C# Async return value

Hi,

Here is some code I got from a previous solution. Is it possible to get a return value from an Async call without the caller being an async. I am probably not understanding it exactly - but it seems I have keep layering async calls on async calls to do it.

Anyway here is the code below.
Thanks,
Ward.
using System;
using System.Collections.Generic;
using System.Linq;
using System.Text;
using System.Threading.Tasks;

namespace Async1
{
    class YourClass
    {
        async public Task<string> Test1()
        {
            string html = string.Empty;

            using (System.Net.Http.HttpClient client = new System.Net.Http.HttpClient())
            {
                System.Net.Http.HttpResponseMessage response = await client.GetAsync("http://www.experts-exchange.com/Programming/Languages/C_Sharp/Q_28686082.html");

                html = await response.Content.ReadAsStringAsync();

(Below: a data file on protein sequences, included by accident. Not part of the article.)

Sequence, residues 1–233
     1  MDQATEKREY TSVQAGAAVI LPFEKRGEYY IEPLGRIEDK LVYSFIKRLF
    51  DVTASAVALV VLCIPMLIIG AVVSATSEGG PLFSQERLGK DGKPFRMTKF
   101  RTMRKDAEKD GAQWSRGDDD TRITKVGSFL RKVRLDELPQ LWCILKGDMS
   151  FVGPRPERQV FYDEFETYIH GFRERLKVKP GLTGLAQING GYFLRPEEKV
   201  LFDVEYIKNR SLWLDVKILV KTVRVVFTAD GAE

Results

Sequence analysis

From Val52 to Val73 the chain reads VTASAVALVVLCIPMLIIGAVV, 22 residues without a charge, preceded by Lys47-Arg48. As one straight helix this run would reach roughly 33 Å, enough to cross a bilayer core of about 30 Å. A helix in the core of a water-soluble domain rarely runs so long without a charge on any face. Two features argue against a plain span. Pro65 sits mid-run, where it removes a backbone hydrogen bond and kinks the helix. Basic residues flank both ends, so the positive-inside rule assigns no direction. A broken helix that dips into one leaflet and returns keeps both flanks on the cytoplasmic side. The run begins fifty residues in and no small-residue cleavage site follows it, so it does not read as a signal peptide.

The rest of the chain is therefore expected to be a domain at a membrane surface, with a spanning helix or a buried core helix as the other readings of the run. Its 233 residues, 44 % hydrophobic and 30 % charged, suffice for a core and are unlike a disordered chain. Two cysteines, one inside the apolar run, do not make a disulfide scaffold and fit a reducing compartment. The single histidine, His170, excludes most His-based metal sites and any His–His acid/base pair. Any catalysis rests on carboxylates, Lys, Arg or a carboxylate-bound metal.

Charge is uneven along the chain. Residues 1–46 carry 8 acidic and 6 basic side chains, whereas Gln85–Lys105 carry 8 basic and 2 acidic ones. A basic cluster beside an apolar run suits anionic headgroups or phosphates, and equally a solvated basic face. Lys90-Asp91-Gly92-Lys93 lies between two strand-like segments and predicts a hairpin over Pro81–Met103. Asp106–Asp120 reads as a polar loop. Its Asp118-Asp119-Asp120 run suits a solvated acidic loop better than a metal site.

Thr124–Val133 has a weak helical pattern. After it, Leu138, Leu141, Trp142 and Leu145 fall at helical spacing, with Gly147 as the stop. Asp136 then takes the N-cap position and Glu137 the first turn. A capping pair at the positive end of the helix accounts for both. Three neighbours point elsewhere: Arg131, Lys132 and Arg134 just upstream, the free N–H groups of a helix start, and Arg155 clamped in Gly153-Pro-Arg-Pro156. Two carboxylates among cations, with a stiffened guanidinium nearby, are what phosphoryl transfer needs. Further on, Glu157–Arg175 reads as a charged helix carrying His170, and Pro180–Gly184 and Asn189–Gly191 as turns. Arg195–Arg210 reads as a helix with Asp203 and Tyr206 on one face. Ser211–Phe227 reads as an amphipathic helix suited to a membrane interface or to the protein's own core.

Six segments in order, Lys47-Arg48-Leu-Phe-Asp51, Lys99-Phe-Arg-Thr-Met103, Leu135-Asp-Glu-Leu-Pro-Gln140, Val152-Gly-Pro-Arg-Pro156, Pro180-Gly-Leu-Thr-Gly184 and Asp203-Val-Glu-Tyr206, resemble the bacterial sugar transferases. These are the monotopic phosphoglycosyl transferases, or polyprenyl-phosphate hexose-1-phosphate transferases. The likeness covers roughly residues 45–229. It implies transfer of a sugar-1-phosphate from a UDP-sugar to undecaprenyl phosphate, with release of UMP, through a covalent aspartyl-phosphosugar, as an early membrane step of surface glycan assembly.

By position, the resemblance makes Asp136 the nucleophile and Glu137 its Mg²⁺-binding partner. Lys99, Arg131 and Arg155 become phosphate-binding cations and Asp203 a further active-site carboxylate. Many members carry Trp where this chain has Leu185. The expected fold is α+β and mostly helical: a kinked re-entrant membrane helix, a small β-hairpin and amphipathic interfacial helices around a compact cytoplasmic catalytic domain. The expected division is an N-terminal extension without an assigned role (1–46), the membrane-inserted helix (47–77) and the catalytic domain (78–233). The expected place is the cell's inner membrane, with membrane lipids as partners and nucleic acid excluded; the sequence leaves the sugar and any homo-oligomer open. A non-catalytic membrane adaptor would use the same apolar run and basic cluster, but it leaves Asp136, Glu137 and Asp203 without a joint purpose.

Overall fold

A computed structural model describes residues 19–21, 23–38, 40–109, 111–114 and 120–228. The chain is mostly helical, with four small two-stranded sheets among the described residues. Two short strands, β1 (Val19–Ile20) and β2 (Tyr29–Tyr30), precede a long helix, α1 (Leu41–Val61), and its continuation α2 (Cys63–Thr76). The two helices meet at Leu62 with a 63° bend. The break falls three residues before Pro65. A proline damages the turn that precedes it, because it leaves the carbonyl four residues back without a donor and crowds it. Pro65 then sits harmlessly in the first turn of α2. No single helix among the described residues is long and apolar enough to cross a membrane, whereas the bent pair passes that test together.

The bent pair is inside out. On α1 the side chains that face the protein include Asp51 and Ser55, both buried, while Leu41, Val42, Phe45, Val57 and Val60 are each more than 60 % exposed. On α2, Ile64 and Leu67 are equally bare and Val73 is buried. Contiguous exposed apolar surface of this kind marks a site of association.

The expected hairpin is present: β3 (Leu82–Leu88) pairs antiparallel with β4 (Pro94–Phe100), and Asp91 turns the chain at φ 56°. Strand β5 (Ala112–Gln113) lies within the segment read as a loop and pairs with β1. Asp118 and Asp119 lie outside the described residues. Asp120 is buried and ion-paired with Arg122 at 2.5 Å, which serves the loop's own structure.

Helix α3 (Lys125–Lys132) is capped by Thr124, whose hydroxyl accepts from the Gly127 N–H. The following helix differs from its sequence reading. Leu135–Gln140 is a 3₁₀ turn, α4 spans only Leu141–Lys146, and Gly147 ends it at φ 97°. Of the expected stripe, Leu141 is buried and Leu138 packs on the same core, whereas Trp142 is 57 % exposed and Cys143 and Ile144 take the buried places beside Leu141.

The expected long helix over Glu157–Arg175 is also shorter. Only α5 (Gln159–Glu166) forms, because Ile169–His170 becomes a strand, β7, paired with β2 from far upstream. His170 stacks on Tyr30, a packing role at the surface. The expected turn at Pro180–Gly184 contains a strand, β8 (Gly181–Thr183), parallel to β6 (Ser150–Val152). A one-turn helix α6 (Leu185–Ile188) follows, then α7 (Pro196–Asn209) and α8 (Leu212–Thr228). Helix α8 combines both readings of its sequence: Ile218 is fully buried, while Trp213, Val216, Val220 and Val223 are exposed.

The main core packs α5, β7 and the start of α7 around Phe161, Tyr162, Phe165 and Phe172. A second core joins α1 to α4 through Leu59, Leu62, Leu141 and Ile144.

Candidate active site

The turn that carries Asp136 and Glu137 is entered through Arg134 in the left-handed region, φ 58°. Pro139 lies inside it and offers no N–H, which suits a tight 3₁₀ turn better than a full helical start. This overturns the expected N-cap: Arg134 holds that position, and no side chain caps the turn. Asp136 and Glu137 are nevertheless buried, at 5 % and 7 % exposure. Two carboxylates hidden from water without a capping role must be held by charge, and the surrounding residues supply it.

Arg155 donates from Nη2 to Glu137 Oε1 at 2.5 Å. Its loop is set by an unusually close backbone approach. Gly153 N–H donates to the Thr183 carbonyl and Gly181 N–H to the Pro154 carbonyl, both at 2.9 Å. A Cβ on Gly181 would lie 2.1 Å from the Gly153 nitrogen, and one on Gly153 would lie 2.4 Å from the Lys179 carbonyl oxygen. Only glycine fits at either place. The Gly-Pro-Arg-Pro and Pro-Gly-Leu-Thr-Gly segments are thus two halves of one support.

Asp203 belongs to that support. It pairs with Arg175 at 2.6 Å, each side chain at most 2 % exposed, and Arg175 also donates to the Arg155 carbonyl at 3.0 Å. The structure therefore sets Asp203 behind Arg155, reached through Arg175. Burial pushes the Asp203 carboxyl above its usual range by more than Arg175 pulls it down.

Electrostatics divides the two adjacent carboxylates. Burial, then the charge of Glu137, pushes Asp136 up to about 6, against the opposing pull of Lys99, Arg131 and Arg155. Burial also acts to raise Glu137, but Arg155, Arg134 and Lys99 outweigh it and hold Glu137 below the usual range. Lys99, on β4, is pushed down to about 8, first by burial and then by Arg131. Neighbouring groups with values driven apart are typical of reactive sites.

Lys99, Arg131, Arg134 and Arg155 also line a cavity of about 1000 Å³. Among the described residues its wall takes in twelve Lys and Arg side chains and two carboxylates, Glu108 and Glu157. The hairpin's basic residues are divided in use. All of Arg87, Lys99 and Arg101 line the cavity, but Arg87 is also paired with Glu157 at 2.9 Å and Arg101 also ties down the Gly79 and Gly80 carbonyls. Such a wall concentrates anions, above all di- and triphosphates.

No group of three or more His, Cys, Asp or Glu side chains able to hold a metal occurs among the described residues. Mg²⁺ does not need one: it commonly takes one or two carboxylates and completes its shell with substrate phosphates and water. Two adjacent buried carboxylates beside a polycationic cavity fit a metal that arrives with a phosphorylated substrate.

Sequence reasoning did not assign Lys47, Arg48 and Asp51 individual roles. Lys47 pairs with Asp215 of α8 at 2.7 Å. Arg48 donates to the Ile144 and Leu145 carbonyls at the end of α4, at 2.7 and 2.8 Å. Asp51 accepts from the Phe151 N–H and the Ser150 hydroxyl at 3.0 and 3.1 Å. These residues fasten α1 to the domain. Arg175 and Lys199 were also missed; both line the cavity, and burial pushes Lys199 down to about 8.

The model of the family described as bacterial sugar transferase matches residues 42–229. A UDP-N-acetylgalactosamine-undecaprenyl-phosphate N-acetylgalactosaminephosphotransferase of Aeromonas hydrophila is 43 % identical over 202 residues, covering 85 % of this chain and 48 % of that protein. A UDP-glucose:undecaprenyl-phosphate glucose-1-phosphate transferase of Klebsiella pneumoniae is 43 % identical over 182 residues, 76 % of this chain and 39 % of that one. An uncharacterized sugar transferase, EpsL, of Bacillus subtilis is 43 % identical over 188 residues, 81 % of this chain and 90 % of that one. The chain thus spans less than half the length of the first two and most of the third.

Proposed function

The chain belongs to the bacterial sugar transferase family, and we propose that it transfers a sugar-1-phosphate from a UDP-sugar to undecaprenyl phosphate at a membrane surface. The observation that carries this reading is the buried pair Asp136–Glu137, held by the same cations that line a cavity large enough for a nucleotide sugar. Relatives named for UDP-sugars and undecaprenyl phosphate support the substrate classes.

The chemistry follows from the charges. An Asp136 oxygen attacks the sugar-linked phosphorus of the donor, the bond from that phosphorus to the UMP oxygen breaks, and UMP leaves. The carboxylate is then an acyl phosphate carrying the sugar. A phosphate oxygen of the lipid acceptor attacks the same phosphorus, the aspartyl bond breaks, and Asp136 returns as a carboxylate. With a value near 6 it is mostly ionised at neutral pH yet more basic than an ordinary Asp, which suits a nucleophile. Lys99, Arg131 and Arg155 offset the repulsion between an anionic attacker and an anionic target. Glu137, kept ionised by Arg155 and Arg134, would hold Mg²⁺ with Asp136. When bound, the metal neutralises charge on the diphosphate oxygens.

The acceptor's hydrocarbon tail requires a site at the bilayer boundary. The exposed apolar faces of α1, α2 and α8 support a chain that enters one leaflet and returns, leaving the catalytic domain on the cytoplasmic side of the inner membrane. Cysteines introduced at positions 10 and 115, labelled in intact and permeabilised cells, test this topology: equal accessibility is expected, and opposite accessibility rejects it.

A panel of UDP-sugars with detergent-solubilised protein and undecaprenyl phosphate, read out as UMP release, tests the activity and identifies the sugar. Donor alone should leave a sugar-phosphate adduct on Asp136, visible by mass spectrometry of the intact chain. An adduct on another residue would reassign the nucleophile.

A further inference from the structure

}

            return html;
        }
    }

    // http://www.experts-exchange.com/Programming/Languages/C_Sharp/Q_28686082.html

    class Program
    {
        static void Main(string[] args)
        {
            YourClass instance = new YourClass();

            Task t = instance.Test1().ContinueWith(AfterDownload);

           // So I would like to be able to get return value from the function without having to make this an Async method.
          // So not using the ContinueWith method above.
          // Is this possible?

            t.Wait();

            Task x = instance.Test1();

            Console.ReadKey();

        }

        private static void AfterDownload(Task<string> html)
        {
            Console.WriteLine(html.Result);
        }

    }
}

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LVL 1
whorsfallAsked:
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käµfm³d 👽Commented:
Yes, you can, but you cannot use the await keyword. You simply call the async method without await and leave the async off of the caller. Your async method returns a Task, so just capture that and inspect its Result property. Keep in mind that inspecting Result is blocking, so you will no longer be async.

e.g.

Task t = instance.Test1()
string html = t.Result;

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The unspoken idea behind async/await is that you do make things async all the way down--unless there's a reason why you need to go synchronous, and then you'd refer to the Result property as above.

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